Notice pay, whether worked or paid as a PILON will be taxable in the usual way.
If, at the end of the consultation process the colleague is confirmed as redundant, they will be given formal notice of termination of their employment due to redundancy. Colleagues will receive written confirmation of the redundancy payment they will receive. The final redundancy payment and holiday entitlement will be calculated as at the last day of employment. Holiday pay is explained further below (holiday pay).
All Society colleagues will qualify for an enhanced redundancy payment. Unlike the statutory redundancy scheme, there is no two years’ service requirement in order to qualify and there is no limit on the amount of a week’s pay used for the calculation.
All Society enhanced redundancy payments are made inclusive of statutory entitlement. Redundancy pay is based on your gross pay. Any redundancy pay under £30,000 is not taxable.
The Society’s enhanced redundancy calculation is based on the government’s statutory calculator (known as the ready reckoner). The statutory calculator gives a multiplier based on the colleague’s age and complete years of service. The Society uplifts the statutory multiplier by 50%. For the purpose of the calculation, weekly pay is uncapped.
The enhanced redundancy matrix sets out the multiplier based on age and length of service. This gives the number of weeks basic pay that the colleague would receive.
Please note: the length of service is capped at 20 years, for example if a colleague has worked for the Society for 23 years, they will receive redundancy pay calculations for 20 years.
Colleagues who are made redundant will also be entitled to receive a payment in respect of any accrued but untaken holidays. Holiday pay will be calculated up to the colleagues last day of employment.
Where a colleague has accrued but untaken holidays remaining at their last day of employment, the Society will make a payment in lieu of it. Where a colleague has taken holidays in excess of their accrued entitlement, a deduction will be made from the final payments owed to the colleague.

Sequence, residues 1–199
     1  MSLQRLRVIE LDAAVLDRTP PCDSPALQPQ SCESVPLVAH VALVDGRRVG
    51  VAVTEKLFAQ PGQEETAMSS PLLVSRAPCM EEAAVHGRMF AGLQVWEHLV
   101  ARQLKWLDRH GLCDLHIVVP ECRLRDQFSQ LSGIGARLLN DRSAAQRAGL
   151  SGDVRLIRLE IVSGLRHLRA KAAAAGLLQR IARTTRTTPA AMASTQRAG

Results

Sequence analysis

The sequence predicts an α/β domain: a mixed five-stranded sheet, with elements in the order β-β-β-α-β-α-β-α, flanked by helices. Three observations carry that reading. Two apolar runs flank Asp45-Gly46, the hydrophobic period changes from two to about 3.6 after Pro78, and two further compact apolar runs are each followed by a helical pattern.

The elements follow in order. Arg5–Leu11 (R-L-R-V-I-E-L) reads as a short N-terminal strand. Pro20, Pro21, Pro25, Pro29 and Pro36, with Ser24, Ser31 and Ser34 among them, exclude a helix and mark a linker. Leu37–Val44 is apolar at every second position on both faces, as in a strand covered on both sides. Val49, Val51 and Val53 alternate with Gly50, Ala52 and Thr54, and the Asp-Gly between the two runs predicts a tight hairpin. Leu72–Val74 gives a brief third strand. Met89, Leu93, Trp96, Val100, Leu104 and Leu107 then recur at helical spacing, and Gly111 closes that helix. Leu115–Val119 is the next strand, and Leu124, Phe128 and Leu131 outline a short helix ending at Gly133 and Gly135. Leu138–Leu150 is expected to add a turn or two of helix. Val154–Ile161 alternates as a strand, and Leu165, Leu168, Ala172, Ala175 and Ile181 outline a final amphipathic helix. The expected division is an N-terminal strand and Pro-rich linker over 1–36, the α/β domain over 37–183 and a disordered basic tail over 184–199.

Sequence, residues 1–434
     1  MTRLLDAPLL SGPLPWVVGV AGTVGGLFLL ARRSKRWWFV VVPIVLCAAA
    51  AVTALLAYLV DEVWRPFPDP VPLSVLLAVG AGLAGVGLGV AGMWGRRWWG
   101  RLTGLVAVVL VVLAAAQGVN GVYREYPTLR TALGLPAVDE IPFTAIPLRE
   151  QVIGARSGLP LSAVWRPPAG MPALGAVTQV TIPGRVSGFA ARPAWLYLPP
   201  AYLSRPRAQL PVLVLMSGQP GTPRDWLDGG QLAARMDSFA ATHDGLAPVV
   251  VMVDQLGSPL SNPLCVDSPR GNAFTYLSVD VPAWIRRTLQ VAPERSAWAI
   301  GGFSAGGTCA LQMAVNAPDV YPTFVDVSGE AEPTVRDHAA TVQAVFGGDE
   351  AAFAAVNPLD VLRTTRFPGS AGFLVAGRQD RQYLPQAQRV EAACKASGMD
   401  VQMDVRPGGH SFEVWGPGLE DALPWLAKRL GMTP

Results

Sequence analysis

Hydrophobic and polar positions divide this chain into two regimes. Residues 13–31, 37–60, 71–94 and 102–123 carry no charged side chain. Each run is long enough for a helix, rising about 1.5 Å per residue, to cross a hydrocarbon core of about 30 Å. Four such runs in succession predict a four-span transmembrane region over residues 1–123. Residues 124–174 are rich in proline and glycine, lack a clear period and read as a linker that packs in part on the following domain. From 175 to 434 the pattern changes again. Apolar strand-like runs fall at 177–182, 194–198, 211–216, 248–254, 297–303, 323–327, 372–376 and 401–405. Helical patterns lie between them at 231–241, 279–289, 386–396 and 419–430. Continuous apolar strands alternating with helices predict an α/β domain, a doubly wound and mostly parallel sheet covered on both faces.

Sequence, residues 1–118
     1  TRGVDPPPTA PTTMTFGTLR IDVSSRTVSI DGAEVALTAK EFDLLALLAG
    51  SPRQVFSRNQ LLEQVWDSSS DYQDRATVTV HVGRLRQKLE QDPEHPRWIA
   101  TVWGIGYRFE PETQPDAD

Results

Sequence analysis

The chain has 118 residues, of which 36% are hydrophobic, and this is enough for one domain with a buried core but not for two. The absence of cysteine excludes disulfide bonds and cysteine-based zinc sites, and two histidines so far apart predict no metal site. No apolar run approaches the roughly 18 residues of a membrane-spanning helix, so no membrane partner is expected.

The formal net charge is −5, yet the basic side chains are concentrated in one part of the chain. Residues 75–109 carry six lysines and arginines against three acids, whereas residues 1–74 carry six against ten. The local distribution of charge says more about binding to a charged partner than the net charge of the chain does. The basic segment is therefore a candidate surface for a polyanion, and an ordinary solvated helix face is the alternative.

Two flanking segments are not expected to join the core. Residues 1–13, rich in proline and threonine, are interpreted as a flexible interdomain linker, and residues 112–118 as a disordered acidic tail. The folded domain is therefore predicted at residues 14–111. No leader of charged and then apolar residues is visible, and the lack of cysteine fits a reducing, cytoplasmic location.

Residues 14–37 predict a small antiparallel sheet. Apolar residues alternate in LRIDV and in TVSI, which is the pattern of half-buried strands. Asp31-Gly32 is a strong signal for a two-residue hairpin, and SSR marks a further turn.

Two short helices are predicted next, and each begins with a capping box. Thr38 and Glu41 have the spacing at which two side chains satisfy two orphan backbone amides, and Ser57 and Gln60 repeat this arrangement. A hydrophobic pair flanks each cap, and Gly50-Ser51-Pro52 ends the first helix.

Colleagues may be required by their line manager to take any accrued holidays during their notice period. Where the Society makes a payment in lieu of notice (PILON), holidays will be calculated up to the last day worked, and the period of any PILON will not count towards holiday accrual.
Colleague Membership Discount Card
Where a colleague has 20 or more year's service and is made redundant, they will be entitled to retain the colleague discount on their membership card. For all other colleagues, the colleague discount will end on their last day of employment.
Where a colleague is made redundant, any other benefits (such as car allowance or bonus entitlement), will be treated in accordance with the terms of the colleague’s contract/relevant scheme. This will be discussed with the colleague during the consultation.
Returning to Work for the Society
Where a colleague is made redundant there is no restriction on them returning to the Society. Those colleagues will be entitled to apply for any future vacancies with the Society in the usual way.
Redundant colleagues may appeal against the decision to dismiss by reason of redundancy. Redundant colleagues will have five working days from the date of the confirmation of redundancy letter to lodge an appeal, setting out the grounds of the appeal, in writing to the person named in the redundancy confirmation letter or the Head of Colleague Relations.
The Society will arrange for an appeal meeting to be conducted. The colleague will have the right to be accompanied by a fellow colleague or trade union representative at the appeal meeting.The outcome of the appeal meeting will be notified to the colleague in writing as soon as possible and will be final.
If you have any questions regarding this policy or require additional support, you should speak to your line manager. Alternatively, you can contact the HR advisor for your business group, or contact the HR Advice Line on 01926 516469.